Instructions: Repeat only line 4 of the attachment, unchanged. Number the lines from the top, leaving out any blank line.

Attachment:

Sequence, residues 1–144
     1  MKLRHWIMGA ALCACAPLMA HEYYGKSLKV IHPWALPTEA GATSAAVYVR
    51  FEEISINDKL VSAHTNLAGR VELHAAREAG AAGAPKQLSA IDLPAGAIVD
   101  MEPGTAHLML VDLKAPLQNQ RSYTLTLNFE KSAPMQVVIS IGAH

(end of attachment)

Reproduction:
   101  MEPGTAHLML VDLKAPLQNQ RSYTLTLNFE KSAPMQVVIS IGAH